When Amy Vale, a marketing executive in New York, takes 'a mental health day' to recharge her batteries, she doesn't fake a sick day - but she also doesn't share the reason for her day off with her bosses.
Many employees use a mental health day to take a short break from the office, but aren't physically sick. "There's a perception that if you take a mental health day, either you're playing hooky and there's nothing really wrong, or you're really struggling," said Vale, 32.
Even though many workplaces now pay lip service to helping employees create a better work-life balance, some workers still find that simply asking for a personal day off is intimidating. Many feel forced to share why they want time off with their managers and nobody wants to declare a personal day meant for mental health. And even when you've got a day off, making arrangements to recharge can be another hurdle.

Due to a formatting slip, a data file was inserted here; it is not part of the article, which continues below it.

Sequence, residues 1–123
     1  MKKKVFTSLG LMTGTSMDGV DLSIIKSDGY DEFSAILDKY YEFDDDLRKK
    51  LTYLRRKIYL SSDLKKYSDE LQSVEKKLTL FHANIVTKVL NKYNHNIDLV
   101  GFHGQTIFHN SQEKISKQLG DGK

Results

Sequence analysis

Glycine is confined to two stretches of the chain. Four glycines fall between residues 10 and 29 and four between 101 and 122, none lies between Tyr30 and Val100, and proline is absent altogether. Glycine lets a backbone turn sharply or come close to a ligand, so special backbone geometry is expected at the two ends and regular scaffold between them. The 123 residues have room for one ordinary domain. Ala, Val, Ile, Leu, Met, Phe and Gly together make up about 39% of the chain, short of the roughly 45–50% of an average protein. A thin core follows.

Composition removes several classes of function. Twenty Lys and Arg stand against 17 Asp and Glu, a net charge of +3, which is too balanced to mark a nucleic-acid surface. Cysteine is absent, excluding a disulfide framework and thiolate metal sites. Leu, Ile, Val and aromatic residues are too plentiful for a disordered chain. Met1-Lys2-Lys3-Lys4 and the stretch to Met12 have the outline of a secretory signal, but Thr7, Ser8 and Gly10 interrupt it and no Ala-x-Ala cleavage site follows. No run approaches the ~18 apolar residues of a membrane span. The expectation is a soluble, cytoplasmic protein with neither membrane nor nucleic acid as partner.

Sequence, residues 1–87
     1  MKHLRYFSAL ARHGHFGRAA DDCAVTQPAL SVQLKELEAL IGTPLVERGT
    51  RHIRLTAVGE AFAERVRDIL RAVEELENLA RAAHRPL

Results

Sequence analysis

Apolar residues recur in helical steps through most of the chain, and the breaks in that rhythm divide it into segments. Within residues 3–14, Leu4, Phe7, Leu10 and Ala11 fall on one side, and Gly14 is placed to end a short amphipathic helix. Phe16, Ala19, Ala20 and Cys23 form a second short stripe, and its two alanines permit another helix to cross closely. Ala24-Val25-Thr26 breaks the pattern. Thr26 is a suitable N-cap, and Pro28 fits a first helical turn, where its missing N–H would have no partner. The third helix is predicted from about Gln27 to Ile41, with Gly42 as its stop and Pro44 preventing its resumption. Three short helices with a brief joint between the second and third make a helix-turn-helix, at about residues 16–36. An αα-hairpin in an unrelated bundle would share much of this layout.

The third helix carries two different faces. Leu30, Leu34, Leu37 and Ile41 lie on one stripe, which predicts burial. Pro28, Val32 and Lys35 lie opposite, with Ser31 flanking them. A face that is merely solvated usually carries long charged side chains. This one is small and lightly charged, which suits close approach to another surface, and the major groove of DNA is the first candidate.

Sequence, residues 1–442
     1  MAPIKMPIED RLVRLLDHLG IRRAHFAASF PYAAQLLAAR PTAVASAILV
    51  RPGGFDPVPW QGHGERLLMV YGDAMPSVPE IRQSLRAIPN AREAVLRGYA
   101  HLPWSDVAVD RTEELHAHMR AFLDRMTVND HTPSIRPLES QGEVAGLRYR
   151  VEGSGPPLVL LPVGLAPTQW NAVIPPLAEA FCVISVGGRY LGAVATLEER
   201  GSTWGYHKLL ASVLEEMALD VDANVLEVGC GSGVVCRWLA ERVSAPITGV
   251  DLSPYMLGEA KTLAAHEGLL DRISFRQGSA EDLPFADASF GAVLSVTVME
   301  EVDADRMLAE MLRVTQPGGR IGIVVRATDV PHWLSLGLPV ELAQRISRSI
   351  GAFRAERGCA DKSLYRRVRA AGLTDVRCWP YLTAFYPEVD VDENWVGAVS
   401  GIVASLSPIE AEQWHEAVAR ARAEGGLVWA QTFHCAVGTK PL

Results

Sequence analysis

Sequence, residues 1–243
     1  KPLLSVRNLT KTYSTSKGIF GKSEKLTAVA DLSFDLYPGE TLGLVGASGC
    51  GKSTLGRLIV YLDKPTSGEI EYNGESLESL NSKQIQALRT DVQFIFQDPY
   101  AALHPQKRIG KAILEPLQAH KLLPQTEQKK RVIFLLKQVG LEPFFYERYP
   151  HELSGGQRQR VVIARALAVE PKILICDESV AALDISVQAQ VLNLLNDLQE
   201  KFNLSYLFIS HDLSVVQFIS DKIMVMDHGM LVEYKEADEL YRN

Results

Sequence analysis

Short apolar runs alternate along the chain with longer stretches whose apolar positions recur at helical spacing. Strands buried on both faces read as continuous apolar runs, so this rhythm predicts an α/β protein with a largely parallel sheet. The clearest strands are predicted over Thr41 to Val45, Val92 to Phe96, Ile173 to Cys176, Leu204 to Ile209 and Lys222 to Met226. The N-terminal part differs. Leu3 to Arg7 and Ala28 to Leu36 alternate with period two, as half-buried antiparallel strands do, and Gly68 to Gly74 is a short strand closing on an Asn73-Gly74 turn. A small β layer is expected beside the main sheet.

But workplace experts increasingly promote mental health days for stressed-out employees. Unlike holiday or vacations that are often structured around reconnecting with family and friends, mental health days are typically spent solo. These one-off days away from the office can help you relax by distancing yourself from the stress and fuel new ideas once you're back at your desk.
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